IO, Jakarta – A week after Muslims commence the annual ritual of holy fasting, the Government announced good news: President Joko Widodo has declared the provision of Religious Holiday Allowance and year-end-bonus for current and retired Civil Servants (pegawai negeri sipil – “PNS”). This is the first time the Government has provided Religious Holiday Allowance for PNS retirees, while the provision for Religious Holiday Allowance has been given to PNS since 2016.
This Government’s policy causes pros and cons. On one hand, Indonesia is in a difficult economic condition. Rupiah continues to weaken. Economic growth in the first quarter reached only 5.1%. Indonesia’s debts have reached a fantastic figure of Rp 5,000 trillion. On the other hand, the Government decision is viewed as too political in nature made to attract the people’s sympathy, as this year is a political year due to the upcoming 2019 Presidential Elections.
Government Regulations Number 18 and 19 Year 2018 stipulate that the recipients of Religious Holiday Allowance and year-end-bonus (13 month salary) are PNS including temporary employees; members of the Armed Forces and the Police; officials, including President and Vice President; members of MPR, DPR, and DPD; ministers and officials equal to ministers; and Governors, Mayors, Regents, and their assistants. New Religious Holiday Allowance recipients include PNS, TNI, Polri, and State official retirees. Veterans and their widows, orphaned children of TNI/Polri also receive Religious Holiday Allowance.
According to Badan Statistics Indonesia, the total number of PNS in the capital and regions per December 2016 is 4.4 million people. The amount spent by the Government for the payment of both year-end-bonus (13th Salary) and Religious Holiday Allowance this year is Rp 35.76 trillion, or 69% higher than the amount spent in the previous year. This payment is divided into Salary Religious Holiday Allowance at Rp 5.24 trillion, Performance Bonus Religious Holiday Allowance at Rp 5.79 trillion, and Retirement Religious Holiday Allowance at Rp 6.85 trillion. The total of Salary, Performance Bonus, and Retirement Religious Holiday Allowances is Rp 17.88 trillion, and the same amount paid out for the 13th Salary. Religious Holiday Allowances are to be paid out in late May and early June, while the 13th Salary is to be paid out in July.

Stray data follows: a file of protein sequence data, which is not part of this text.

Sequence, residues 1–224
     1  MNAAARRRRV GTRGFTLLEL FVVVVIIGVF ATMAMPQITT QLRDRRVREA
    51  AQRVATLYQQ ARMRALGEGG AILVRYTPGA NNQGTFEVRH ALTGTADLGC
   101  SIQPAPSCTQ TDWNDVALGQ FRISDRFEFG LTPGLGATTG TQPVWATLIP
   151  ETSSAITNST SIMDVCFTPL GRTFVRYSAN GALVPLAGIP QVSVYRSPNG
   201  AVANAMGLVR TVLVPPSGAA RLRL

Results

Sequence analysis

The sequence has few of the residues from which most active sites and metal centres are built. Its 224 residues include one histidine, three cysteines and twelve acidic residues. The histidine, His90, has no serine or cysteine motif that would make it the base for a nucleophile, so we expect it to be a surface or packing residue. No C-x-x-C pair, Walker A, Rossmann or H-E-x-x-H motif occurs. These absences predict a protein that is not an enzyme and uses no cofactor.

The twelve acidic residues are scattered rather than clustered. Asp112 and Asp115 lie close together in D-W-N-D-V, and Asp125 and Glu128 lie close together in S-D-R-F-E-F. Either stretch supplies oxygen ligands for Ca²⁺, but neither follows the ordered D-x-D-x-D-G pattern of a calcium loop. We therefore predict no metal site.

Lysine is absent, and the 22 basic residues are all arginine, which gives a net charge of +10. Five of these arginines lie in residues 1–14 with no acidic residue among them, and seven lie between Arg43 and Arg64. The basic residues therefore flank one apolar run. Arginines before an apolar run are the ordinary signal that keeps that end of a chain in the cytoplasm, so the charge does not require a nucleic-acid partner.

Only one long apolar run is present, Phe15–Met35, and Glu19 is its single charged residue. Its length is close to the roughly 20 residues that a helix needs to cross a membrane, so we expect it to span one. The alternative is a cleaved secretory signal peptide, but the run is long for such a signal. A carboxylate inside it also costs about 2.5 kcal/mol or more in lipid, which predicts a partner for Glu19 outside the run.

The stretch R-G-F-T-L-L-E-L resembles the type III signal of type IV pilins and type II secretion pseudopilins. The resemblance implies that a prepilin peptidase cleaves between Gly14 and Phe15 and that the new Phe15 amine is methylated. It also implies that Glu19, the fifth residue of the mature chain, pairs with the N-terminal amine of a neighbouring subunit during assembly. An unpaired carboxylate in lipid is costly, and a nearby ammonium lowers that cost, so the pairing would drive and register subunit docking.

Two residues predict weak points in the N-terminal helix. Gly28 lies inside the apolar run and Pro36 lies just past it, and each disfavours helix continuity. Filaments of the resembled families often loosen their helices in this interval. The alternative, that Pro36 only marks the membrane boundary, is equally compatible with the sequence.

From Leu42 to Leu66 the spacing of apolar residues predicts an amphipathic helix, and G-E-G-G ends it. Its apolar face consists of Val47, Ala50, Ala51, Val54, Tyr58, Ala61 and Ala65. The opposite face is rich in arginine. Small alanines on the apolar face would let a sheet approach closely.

The Government’s policy of continuing to pay out Religious Holiday Allowance despite the difficulties faced by the country is similar to the action taken by the Prime Minister (PM) of Malaysia, Mahathir Mohamad. In the early days of his rule, he took a controversial step of deducting no less than 10% of the salary of all the ministers in his cabinet. He did this in order to reduce the State’s debt that reached MYR 1 trillion, as well as to reduce Government expenditure.
Image Building for 2019
Both current and retired PNS are naturally happy with the Government’s policy. However, they still want a change of leadership in 2019. Many groups consider that the provision of Religious Holiday Allowance and 13th Salary to current and retired PNS, TNI, and Polri to be merely an image building act of President Jokowi. Eko Listiyanto, the Vice Director of the Institute for Development of Economics and Finance (INDEF), agrees. The timing is just too precise. The Government seems eager to obtain positive response from the people in this political year. The Government’s policy of granting Religious Holiday Allowance for retirees did not exist last year. Eko concludes that the Government is using this policy to gain political momentum. This is a natural and legitimate part of political dynamics.
Yenny Sucipto, Secretary General of the Indonesian Forum for Budgeting Transparency (Forum Indonesia untuk Transparansi Anggaran – “FITRA”), believes that this policy of granting Religious Holiday Allowance and 13th Salary should be supported, as long as it is effective and efficient. It should also be monitored and evaluated properly in order to view PNS performance. If the Government does not use specific parameters, it would be nothing but a mere popularity-grabbing program. “In the end, many groups claim that it is just image building for 2019. It is a legitimate right for the public to say so. We, however, do not care as much to the political slant than towards whether comprehensive studies have been made or not, before this policy is issued,” she said.